Whether your business is closing for a holiday, slowing down during the winter months, or undergoing a scheduled upgrade, there will come a time when you need to put your equipment into storage. Complex industrial equipment is just as likely to suffer damage in storage as it is in use. Since your equipment is essential for continued operation, here are some tips to keep it safe.
#1 Check your insurance
Insurance is a complex area, and most businesses hold several different policies in unison. Machine breakdown and damage cover is the most important, and you should check that your policy covers storage. Most will, but some might specify the length of time that you can keep your machines dormant and the type of environment that they can be kept in. Double-checking your insurance and making any necessary changes covers you in the event that something goes wrong.
#2 Clean before storage
This applies to all machinery, but it’s especially important for more complex devices like heat processing tools. These pick up dirt and debris, and since they contain small parts, that detritus can cause major internal damage if left to build up and settle. Keeping your machinery clean is good practice anyway, but it becomes crucial when you put it into storage. Dirt and salt do more than just eat away at the paintwork. They can cause blockages and jams, which are enough to stop your machines from working when you take them out of storage and turn on the power.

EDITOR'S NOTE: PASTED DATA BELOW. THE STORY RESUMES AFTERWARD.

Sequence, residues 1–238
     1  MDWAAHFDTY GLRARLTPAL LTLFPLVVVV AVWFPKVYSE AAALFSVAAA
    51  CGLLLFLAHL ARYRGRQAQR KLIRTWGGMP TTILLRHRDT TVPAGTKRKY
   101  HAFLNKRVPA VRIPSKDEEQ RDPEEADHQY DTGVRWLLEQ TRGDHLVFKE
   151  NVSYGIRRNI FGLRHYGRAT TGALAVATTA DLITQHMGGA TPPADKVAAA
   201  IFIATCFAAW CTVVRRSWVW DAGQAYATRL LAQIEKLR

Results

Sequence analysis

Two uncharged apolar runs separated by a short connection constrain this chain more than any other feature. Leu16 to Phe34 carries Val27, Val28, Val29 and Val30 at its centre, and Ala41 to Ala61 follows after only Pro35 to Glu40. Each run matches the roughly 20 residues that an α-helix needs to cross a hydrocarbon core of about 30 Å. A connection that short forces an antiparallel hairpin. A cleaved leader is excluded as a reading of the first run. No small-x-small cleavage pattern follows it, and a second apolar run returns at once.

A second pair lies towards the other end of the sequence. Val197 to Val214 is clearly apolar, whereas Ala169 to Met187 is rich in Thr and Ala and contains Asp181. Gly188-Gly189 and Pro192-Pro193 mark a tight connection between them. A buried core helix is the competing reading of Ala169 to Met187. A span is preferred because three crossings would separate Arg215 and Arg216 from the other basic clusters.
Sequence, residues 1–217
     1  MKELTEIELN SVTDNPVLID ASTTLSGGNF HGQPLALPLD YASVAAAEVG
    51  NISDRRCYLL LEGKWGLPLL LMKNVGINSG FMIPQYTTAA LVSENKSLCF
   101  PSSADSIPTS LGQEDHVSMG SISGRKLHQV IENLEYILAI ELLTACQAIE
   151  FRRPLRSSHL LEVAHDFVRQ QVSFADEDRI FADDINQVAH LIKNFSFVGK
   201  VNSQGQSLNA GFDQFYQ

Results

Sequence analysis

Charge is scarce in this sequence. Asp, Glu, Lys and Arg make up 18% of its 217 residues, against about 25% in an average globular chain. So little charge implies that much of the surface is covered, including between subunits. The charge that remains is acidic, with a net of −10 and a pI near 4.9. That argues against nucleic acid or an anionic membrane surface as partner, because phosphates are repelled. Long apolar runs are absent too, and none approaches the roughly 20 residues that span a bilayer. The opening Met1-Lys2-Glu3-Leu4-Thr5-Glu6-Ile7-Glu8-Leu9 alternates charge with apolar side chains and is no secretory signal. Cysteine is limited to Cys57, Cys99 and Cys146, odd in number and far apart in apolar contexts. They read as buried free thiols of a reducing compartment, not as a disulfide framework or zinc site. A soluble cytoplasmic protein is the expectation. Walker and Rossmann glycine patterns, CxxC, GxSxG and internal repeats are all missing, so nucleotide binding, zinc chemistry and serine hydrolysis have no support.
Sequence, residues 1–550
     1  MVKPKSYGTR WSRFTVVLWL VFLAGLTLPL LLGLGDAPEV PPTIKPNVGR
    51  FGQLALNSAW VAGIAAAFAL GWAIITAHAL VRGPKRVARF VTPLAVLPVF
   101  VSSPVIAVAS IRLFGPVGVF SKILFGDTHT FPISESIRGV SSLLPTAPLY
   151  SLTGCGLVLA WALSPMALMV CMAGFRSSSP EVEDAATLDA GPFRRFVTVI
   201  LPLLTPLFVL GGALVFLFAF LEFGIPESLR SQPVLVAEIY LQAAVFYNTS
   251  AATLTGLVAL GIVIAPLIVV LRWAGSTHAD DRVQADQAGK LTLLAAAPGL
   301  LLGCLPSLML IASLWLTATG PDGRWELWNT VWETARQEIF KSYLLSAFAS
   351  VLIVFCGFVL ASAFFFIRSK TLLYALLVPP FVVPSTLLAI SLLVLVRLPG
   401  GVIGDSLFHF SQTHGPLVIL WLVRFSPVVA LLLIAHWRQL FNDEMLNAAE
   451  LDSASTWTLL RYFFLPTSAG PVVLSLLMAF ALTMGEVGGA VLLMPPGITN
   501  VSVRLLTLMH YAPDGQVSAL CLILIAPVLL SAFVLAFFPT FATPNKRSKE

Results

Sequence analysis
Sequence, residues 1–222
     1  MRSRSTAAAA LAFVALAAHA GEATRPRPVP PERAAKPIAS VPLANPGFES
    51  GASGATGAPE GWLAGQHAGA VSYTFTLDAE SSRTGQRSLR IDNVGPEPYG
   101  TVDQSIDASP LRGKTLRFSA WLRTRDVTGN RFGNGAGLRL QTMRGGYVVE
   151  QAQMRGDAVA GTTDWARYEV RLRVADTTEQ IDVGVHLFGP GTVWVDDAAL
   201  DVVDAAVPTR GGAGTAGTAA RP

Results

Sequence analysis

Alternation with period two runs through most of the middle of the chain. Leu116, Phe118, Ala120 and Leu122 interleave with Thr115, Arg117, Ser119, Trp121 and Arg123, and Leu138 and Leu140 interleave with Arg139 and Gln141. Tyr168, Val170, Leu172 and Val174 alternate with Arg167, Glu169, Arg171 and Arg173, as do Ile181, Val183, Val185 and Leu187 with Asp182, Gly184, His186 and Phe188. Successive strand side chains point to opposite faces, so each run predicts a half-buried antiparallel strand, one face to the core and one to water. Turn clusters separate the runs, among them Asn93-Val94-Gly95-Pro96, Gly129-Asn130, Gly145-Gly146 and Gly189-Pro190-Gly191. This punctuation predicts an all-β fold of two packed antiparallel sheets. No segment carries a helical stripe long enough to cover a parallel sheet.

#3 Lubricate moving parts
Your manual will be able to tell you which machine parts need to be lubricated, but this is an essential step. When you take your machinery out of storage and start it again for the first time, all the moving parts grind into action. Since they’ve not been used for a long time, that starting up process generates enormous amounts of friction. Lubricating parts in advance allows for a seamless restart.
#4 Put air in tires
Any machinery that includes tires should go into storage completely refilled with air. Tires will naturally deflate if you store your machinery flat on a hard surface for a long time. Not only will this make the restart a more laborious process, but it can actually damage your tires. Replacing tires across your entire range of equipment isn’t something that anybody wants to do, so fill them up to the top in advance.
#5 Repair even minor damage
All equipment sustains minor scrapes and light damage during use. This might seem harmless enough at the time, but it can take a turn for the worse in storage. If, for example, some paint has been scraped off a machine, this might open the way for rust to form, which spreads fast. Chips, scratches, and any blemishes should be investigated and repaired before you put your machines into storage. That, really, is the only way to ensure that they come out at the other end ready to be used.